Mammalian Genome

, Volume 15, Issue 3, pp 210–217 | Cite as

The neurological mutant quakingviable is Parkin deficient

  • Diego Lorenzetti
  • Barbara Antalffy
  • Hannes Vogel
  • Janice Noveroske
  • Dawna Armstrong
  • Monica Justice
Original Contribution


The mouse mutant quakingviable (qkv) has been studied for almost four decades as a model for dysmyelination of the central nervous system (CNS). The genetic lesion associated with the qkv phenotype is a large deletion of approximately 1 Megabase on mouse Chromosome (Chr) 17. This deficiency alters the expression of transcripts from the qkI locus in oligodendrocytes, resulting in improper myelination of the CNS in animals homozygous for the deletion. To determine whether other genes within the deletion contribute to the quakingviable phenotype, we physically mapped and sequenced the deleted interval. We determined that the mouse Parkin gene, as well as the Parkin co-regulated gene (Pacrg), lies within the qkv deletion. We determined that qkv mutants completely lack the expression of the Parkin gene product. Loss-of-function mutations in the human PARKIN gene cause autosomal juvenile Parkinson’s disease (AR-JP). Our studies show that the deletion of Parkin in qkv brains does not result in the loss of dopaminergic neurons typical of AR-JP patients. Also, α-synuclein, a target of Parkin-dependent ubiquitination, does not accumulate in qkv mutant brains. Despite the lack of AR-JP-like neuropathology in qkv mice, this mutant may constitute a readily available model for the study of the cellular function of Parkin. This is the first report of a gene distinct from qkI affected by the qkv deletion. The discovery of the multigenic nature of this classical mouse mutation calls for the re-evaluation of its phenotypic characterization.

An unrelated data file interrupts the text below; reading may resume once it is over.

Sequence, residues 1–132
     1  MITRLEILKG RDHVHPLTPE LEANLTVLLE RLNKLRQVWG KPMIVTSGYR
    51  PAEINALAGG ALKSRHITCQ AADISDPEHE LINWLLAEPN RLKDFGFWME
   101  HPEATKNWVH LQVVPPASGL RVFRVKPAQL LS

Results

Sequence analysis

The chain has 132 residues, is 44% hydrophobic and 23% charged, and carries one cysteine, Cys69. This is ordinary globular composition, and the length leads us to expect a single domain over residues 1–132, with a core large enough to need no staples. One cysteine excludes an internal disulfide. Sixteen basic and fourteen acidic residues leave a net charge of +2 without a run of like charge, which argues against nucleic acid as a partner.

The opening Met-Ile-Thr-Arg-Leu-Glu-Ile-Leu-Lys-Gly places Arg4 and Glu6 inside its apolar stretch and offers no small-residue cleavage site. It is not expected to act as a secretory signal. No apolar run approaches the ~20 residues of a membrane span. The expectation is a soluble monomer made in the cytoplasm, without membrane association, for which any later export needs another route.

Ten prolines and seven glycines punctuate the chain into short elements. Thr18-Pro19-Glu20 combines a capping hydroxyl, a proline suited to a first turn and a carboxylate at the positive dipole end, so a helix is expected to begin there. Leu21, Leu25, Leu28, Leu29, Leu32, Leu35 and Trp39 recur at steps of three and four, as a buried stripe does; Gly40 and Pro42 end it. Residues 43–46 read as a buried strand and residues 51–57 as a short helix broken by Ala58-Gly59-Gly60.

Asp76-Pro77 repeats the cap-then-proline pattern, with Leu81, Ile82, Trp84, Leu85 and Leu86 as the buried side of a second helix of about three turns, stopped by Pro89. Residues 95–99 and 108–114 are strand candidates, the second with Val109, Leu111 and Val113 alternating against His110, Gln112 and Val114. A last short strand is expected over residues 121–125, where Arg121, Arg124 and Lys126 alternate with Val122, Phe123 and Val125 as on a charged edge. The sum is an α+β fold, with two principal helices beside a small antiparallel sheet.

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Copyright information

© Springer-Verlag New York Inc. 2004

Authors and Affiliations

  • Diego Lorenzetti
    • 1
  • Barbara Antalffy
    • 2
  • Hannes Vogel
    • 3
  • Janice Noveroske
    • 4
  • Dawna Armstrong
    • 2
  • Monica Justice
    • 1
  1. 1.Department of Molecular and Human GeneticsBaylor College of Medicine, One Baylor Plaza, Room S413, Houston, Texas 77030USA
  2. 2.Department of PathologyBaylor College of Medicine, Houston, TexasUSA
  3. 3.Department of PathologyStanford University School of Medicine, Palo Alto, CaliforniaUSA
  4. 4.The Jackson LaboratoryBar Harbor, MaineUSA

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